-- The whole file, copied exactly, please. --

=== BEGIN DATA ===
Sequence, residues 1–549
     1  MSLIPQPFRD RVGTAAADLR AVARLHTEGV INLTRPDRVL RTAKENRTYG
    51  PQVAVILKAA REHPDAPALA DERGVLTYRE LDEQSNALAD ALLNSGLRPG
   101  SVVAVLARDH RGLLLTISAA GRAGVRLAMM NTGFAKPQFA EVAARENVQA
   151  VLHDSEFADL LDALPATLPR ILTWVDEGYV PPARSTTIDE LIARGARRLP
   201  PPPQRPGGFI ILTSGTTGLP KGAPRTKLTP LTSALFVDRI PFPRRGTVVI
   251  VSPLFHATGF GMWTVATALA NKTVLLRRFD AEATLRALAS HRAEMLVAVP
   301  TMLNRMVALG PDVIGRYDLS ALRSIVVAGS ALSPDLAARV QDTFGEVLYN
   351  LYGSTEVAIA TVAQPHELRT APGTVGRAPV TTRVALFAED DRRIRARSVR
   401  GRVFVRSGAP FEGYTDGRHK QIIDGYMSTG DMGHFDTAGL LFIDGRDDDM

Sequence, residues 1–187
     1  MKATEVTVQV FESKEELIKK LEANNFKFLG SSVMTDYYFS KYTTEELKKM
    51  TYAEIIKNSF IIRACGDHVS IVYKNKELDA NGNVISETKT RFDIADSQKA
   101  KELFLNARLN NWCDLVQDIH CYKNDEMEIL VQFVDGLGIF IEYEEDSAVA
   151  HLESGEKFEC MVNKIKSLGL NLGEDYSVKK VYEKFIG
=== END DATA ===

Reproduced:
Sequence, residues 1–549
     1  MSLIPQPFRD RVGTAAADLR AVARLHTEGV INLTRPDRVL RTAKENRTYG
    51  PQVAVILKAA REHPDAPALA DERGVLTYRE LDEQSNALAD ALLNSGLRPG
   101  SVVAVLARDH RGLLLTISAA GRAGVRLAMM NTGFAKPQFA EVAARENVQA
   151  VLHDSEFADL LDALPATLPR ILTWVDEGYV PPARSTTIDE LIARGARRLP
   201  PPPQRPGGFI ILTSGTTGLP KGAPRTKLTP LTSALFVDRI PFPRRGTVVI
   251  VSPLFHATGF GMWTVATALA NKTVLLRRFD AEATLRALAS HRAEMLVAVP
   301  TMLNRMVALG PDVIGRYDLS ALRSIVVAGS ALSPDLAARV QDTFGEVLYN
   351  LYGSTEVAIA TVAQPHELRT APGTVGRAPV TTRVALFAED DRRIRARSVR
   401  GRVFVRSGAP FEGYTDGRHK QIIDGYMSTG DMGHFDTAGL LFIDGRDDDM

Sequence, residues 1–187
     1  MKATEVTVQV FESKEELIKK LEANNFKFLG SSVMTDYYFS KYTTEELKKM
    51  TYAEIIKNSF IIRACGDHVS IVYKNKELDA NGNVISETKT RFDIADSQKA
   101  KELFLNARLN NWCDLVQDIH CYKNDEMEIL VQFVDGLGIF IEYEEDSAVA
   151  HLESGEKFEC MVNKIKSLGL NLGEDYSVKK VYEKFIG